A corporation resident in Mauritius is subject to tax on its worldwide income. A non-resident corporation is liable to tax on any Mauritius-source income, subject to any applicable tax treaty provisions.
Corporations are liable to income tax on their net income, currently at a flat rate of 15%. Companies engaged in the export of goods are liable to be taxed at the rate of 3% on the chargeable income attributable to exports based on a prescribed formula.
Mauritius has a credit system of taxation whereby foreign tax credit is given on any foreign-source income declared in Mauritius on which foreign tax of a similar character to Mauritian tax has been imposed.
All corporate bodies incorporated in Mauritius (except certain approved funds and associations) are subject to income tax. Income derived by local partnerships (resident sociétés) is shared and taxed in the hands of the partners. Foreign corporations carrying on business, or having a place of business, in Mauritius and Authorised Companies are also liable to income tax on income derived from Mauritius.
A société means a société formed under any enactment in Mauritius and includes:
- a société de fait or a société en participation
- a limited partnership
- a joint venture, and
- a société or partnership formed under the law of a foreign country.
Income tax is payable on total net income before distribution at the following rates:
|Global Business Category 1 (GBC1) companies (Global Business Licence as of 1 January 2019) (except for specified income, see below)||15|
|Freeport operators or Private Freeport Developers carrying on Freeport activities other than providing goods and services on local markets||15|
|Companies engaged in the export of goods||3|
|All other companies (except for specified income, see below)||15|
- As of 1 January 2019, GBC1 companies have been renamed as Global Business Licence (GBL) and are liable to tax at the rate of 15%.
- All companies (including GBL companies) will qualify for an 80% exemption in relation to certain specified foreign-source income (e.g. foreign dividend not allowed as deduction in source country, interest income, foreign-source income derived by a Collective Investment Scheme [CIS], closed end funds, CIS manager, CIS administrator, investment adviser or asset manager licensed or approved by the FSC, income derived by companies engaged in ship and aircraft leasing, income derived from the leasing and provision of international fibre capacity, interest income derived by a person from money lent through a peer-to-peer lending platform operated under a licence issued by the relevant authority after the five-year tax holiday, income derived from reinsurance and reinsurance brokering activities, income derived from the sale, financing arrangement, and asset management of aircraft and its spare parts, including aviation-related advisory services).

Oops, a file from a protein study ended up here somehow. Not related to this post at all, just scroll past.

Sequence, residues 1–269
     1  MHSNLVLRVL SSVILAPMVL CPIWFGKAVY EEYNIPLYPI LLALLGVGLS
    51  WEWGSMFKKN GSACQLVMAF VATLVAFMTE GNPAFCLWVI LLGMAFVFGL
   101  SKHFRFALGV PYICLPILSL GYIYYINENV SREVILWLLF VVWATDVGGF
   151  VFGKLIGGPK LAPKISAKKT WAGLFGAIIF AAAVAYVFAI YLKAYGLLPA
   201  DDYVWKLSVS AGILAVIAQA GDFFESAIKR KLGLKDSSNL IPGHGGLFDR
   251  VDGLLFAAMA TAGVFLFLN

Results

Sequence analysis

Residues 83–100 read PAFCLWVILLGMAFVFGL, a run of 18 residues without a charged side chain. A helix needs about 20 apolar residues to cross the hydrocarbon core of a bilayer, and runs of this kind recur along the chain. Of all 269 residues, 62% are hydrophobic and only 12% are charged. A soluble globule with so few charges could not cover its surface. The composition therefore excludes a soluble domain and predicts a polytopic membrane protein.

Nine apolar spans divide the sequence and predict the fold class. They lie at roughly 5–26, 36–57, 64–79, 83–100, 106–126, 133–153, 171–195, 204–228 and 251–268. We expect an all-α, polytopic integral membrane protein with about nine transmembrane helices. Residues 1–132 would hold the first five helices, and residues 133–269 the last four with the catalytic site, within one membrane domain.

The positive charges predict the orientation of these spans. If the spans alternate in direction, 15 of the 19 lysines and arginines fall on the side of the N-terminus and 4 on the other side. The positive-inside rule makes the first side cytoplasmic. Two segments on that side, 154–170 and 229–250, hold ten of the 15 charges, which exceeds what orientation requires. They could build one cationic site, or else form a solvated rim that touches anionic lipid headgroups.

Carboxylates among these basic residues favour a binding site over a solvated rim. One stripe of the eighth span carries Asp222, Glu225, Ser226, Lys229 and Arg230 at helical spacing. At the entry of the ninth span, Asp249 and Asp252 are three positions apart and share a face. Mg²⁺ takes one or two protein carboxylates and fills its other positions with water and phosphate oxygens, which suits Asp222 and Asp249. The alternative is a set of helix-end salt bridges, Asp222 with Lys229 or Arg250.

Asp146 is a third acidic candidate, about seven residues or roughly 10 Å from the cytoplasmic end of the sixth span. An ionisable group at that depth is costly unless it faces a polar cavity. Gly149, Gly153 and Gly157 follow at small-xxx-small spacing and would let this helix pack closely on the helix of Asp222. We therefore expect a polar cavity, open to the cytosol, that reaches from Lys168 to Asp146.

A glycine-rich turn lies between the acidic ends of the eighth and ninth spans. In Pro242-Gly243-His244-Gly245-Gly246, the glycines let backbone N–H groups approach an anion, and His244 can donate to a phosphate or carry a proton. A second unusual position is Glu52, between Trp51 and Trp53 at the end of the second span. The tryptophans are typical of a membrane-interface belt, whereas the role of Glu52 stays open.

- No actual foreign tax credit is allowed on foreign-source income if the company has claimed the 80% exemption.
- Freeport companies (excluding local trading activity) were exempt from tax until 30 June 2021, subject to the Freeport certificate being issued on or before 14 June 2018.
The maximum effective tax rate is 3% for specific income streams; otherwise, the tax rate is 15%. See below grandfathering provisions for GBC1:
|GBC1 licence issue date||Grandfathering|
|On or before 16 October 2017||Grandfathered up to 30 June 2021|
- As of 1 January 2019, GBC2 licence has been abolished.
- Companies conducting business and having their place of central management outside of Mauritius will be required to apply for an authorisation to the FSC to be registered as an 'Authorised Company'.
- On 30 June 2021, grandfathered GBC2 licences have lapsed, and companies are required to comply with the prescribed requirements of the FSC.
- An Authorised Company will be treated as a non-resident for tax purposes in Mauritius.
- An Authorised Company is required to file a return of income to the Mauritius Revenue Authority (MRA) within six months of its year-end.